Consult Doctors. FREE.
Real Doctors, Expert Answers
Connect with Facebook Connect with Google For Doctors
By creating an account, you are indicating that you have read and accepted the DoctorxDentist Terms of Use.
Consult Doctors. FREE.
Real Doctors, Expert Answers
By creating an account, you are indicating that you have read and accepted the DoctorxDentist Terms of Use.
Registration Progress
Step 1: Indicate Topics of Interests
Step 2: Follow Relevant Doctors
Complete!
What are your interests?
Please select at least 3 interests.
NEXT
NEXT
Registration Progress
Step 1: Indicate Topics of doctors
Step 2: Follow Relevant Doctors
Complete!
Follow your favourite doctors
We found some doctors you may like. Click continue to follow them.
CONTINUE
CONTINUE
Consult Doctors. FREE.
Real Doctors, Expert Answers
Continue with Facebook Continue with Google

or

Disclaimer: Any answers provided are for general informational purposes only and is not a substitute for professional medical advice. If you think you may have a medical emergency, call your doctor immediately. Always seek the advice of your doctor before starting or changing treatment.

Continue with Facebook Continue with Google

Disclaimer: Any answers provided are for general informational purposes only and is not a substitute for professional medical advice. If you think you may have a medical emergency, call your doctor immediately. Always seek the advice of your doctor before starting or changing treatment.

YOUR QUESTION HAS BEEN

SUCCESSFULLY SUBMITTED.

YOUR QUESTION

HAS BEEN

SUCCESSFULLY

SUBMITTED.

YOUR ANSWER HAS BEEN

SUCCESSFULLY SUBMITTED.

YOUR ANSWER

HAS BEEN

SUCCESSFULLY

SUBMITTED.

YOUR QUOTE REQUEST HAS BEEN

SUCCESSFULLY SUBMITTED.

OUR DOCTORS WILL GET BACK TO YOU SHORTLY!

YOUR QUOTE REQUEST

HAS BEEN

SUCCESSFULLY

SUBMITTED.

OUR DOCTORS WILL GET

BACK TO YOU SHORTLY!

YOUR THREAD HAS BEEN

SUCCESSFULLY CREATED.

HEAD OVER TO FORUM PAGE NOW

TO JOIN THE DISCUSSION

YOUR THREAD

HAS BEEN

SUCCESSFULLY

CREATED.

HEAD OVER TO THE FORUM PAGE NOW

TO JOIN THE DISCUSSION!

YOUR REVIEW HAS BEEN

SUCCESSFULLY SUBMITTED.

THANK YOU.

YOUR REVIEW

HAS BEEN

SUCCESSFULLY

SUBMITTED.

THANK YOU.

YOUR EMAIL HAS BEEN

SUCCESSFULLY SUBSCRIBED.

THANK YOU.

YOUR EMAIL

HAS BEEN

SUCCESSFULLY

SUBSCRIBED.

THANK YOU.

YOUR CONSULTATION HAS BEEN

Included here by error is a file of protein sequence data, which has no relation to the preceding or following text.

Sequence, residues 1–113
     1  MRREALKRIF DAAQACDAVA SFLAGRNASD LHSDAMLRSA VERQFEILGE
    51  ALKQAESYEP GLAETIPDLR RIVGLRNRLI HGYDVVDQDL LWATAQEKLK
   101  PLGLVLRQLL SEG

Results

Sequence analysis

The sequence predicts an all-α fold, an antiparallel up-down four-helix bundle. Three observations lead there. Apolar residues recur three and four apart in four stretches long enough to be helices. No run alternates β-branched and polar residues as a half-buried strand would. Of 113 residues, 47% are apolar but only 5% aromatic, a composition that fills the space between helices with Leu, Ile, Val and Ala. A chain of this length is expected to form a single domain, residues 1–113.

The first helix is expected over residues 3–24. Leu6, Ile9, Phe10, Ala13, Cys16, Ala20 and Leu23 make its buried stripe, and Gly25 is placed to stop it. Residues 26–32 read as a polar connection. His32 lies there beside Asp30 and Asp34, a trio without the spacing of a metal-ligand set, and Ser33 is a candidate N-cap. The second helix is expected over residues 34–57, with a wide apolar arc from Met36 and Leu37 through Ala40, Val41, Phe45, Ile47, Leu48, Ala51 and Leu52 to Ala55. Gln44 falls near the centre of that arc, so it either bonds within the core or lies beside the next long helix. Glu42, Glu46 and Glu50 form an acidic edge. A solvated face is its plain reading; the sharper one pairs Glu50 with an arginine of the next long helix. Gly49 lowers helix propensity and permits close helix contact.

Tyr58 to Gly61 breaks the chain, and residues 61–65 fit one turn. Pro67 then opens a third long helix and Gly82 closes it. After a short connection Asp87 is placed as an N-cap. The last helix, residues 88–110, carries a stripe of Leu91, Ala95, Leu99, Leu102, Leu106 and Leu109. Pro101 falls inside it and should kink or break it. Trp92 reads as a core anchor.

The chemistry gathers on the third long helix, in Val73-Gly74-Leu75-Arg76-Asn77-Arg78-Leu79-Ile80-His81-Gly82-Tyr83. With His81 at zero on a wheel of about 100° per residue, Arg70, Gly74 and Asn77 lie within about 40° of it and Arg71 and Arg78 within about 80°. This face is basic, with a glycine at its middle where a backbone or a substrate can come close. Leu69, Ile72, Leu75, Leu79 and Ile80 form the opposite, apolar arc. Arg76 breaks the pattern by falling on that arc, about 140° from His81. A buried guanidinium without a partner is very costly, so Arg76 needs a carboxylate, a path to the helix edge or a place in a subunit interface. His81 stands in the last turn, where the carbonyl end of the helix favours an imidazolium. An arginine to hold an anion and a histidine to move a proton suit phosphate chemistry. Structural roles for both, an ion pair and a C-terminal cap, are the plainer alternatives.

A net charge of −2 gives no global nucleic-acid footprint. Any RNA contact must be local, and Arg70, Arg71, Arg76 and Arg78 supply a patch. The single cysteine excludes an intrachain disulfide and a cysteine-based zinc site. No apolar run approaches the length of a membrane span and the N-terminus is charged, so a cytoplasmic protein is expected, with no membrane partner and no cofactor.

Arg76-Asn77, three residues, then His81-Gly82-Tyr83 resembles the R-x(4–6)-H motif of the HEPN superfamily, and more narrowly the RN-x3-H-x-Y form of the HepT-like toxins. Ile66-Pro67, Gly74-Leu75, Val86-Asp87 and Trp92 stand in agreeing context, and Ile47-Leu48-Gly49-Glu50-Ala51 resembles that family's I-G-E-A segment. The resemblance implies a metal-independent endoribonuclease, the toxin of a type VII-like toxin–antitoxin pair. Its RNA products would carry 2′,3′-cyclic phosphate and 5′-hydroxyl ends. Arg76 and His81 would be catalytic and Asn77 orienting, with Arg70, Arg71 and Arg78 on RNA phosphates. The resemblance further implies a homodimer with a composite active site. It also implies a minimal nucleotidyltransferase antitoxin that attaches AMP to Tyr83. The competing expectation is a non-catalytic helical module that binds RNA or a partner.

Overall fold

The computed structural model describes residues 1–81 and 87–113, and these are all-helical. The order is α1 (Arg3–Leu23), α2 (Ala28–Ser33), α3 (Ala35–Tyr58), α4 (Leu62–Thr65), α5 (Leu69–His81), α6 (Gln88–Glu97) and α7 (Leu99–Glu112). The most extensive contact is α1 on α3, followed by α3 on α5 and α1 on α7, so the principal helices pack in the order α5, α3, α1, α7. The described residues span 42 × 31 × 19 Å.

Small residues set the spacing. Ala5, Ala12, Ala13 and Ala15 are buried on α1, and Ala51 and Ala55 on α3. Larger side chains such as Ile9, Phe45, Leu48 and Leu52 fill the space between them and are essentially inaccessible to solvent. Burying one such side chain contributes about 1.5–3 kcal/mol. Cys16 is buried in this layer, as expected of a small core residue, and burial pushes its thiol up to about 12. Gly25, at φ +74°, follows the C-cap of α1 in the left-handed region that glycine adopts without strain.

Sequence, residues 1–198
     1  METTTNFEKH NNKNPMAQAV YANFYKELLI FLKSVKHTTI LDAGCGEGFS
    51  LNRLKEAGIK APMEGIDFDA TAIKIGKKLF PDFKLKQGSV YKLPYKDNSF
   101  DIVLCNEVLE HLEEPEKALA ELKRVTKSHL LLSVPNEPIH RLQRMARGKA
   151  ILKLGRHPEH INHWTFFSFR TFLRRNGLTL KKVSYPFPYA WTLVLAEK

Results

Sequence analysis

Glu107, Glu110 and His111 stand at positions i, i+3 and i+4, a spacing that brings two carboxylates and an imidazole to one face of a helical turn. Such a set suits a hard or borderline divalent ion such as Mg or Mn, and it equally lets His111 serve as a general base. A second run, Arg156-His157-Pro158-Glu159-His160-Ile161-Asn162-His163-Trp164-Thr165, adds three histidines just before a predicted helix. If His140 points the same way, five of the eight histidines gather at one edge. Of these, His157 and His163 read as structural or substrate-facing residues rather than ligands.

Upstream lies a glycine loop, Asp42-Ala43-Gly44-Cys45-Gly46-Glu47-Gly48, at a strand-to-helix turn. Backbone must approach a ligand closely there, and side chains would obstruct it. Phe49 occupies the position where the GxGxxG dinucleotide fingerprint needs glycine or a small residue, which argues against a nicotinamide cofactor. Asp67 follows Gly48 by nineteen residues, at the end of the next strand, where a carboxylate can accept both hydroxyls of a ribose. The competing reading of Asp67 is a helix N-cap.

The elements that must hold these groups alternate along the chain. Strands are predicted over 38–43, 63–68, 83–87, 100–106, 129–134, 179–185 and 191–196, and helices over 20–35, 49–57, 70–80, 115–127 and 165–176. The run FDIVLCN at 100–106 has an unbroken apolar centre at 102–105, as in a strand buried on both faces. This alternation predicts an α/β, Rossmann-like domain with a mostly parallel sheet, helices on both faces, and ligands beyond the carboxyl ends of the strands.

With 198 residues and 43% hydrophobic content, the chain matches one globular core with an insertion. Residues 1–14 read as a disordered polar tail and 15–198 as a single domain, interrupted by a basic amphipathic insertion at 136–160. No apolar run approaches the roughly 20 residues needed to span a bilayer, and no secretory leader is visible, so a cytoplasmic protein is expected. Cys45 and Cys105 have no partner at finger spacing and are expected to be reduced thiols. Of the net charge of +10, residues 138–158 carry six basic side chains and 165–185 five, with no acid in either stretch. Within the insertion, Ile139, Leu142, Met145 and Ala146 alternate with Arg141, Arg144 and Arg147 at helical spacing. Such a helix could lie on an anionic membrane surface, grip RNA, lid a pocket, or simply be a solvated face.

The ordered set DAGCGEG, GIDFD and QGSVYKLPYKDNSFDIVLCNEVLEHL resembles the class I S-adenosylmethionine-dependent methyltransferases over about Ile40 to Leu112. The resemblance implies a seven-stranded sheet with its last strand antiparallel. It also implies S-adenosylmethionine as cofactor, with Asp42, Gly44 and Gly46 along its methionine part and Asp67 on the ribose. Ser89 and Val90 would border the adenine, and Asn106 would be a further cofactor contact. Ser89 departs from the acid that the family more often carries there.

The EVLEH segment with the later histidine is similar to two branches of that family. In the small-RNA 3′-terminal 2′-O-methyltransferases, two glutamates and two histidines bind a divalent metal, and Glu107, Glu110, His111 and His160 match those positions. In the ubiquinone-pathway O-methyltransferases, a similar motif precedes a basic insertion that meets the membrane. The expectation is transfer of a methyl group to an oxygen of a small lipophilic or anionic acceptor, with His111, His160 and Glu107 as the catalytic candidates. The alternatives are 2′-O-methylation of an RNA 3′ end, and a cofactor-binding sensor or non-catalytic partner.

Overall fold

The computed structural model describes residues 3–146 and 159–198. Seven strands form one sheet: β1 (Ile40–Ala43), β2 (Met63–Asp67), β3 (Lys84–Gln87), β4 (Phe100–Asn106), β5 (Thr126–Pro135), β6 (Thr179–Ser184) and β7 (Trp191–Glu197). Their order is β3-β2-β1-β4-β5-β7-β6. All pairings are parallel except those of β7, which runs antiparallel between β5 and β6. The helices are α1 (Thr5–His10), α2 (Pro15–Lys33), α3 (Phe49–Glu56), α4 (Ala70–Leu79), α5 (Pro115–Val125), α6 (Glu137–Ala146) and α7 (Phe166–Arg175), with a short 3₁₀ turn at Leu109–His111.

SUCCESSFULLY SUBMITTED.

OUR DOCTORS WILL

GET BACK TO YOU SHORTLY.

YOUR CONSULTATION

HAS BEEN

SUCCESSFULLY

SUBMITTED.

OUR DOCTORS

WILL GET

TO YOU

SHORTLY.

MESSAGES TO
Request answers from expert doctors:

DxD
DxD

We will distribute this question to expert doctors, and notify you about new answers.





What are the most common causes of ringing in the ear in an otherwise healthy individual, and what are possible tests and treatments for it?

Age: 16 - 29
Ear, Nose & Throat
DOCTOR’S ANSWER (1)

Tinnitus refers to a ringing sound heard in the ear. It is quite common and most people would have experienced it at some point in their lives. The sound may have an actual source (objective tinnitus) or no actual source (subjective tinnitus - ie only the person suffering from it can hear it).  Causes of tinnitus depends on whether it is subjective vs objective (are as follows):

Subjective tinnitus:

  • Idiopathic (unknown cause) but may be worsened by stress or sleep deprivation
  • Hearing loss
  • Ear infections
  • Ear wax
  • Side effects from medications
  • Meniere's disease 

Objective tinnitus:

  • Clicking sounds from jaw joints or muscles nearby
  • Noise from nearby blood vessels
  • Vascular tumours

Fortunately, over 95% of the tinnitus that I see in my clinical practice (and I believe for most other ENT Specialists or GPs too) are subjective tinnitus. In an otherwise healthy individual with no other ear, nose or throat symptoms, most subjective tinnitus are idiopathic (unknown cause) or related to hearing loss. We do not know exactly why such tinnitus exist but one of the hypothesis suggests that the sound originates from the hearing nerve, hearing organ or the hearing centre of the brain. These structures may have "misfired", resulting in sound generated in the head without an actual source (stimulus). 

Assessment of a patient with tinnitus include a thorough clinical history and physical examination of the ear, as well as the head and neck region. A hearing test is also usually required to determine if there is any hearing loss associated with the tinnitus (which sometimes the patient may not be aware of). 

Some of the red flags of tinnitus which require further assessment (e.g. CT scan or MRI) include:

  • Pulsatile tinnitus (sound of the tinnitus feels like or coincides with your heartbeat)
  • One sided tinnitus
  • One sided hearing loss
  • Associated neurological symptoms (e.g. giddiness, facial numbness, headaches etc)

Treatment of tinnitus depends on the underlying cause. For idiopathic subjective tinnitus, majority of the time, reassurance of the patient is all that is required. For patients who are bothered by the tinnitus, treatment options include:

  • Tinnitus advice and counselling (coping mechanisms can be taught to the patient)
  • Tinnitus retraining therapy (a specialised habituation programme to allow patient to better understand the cause tinnitus and to eliminate or reduce the morbidity associated with it)
  • Medications (unfortunately, most have effectiveness of approximately 30-40%) 
  • Tinnitus masker (this involves wearing a device to emit soothing sounds to "mask" or "cover up" the tinnitus)
  • Hearing aids - for patients with associated hearing loss

If you have tinnitus that is persistent, troubling or has the red flags mentioned above, you should visit an ENT Specialist for an assessment.

Hope this helps and all the best!

45 views 30 Jun 2019
Not the answer you're looking for? Browse other answers tagged Ear, Nose & Throat or ask your own question now FOR FREE.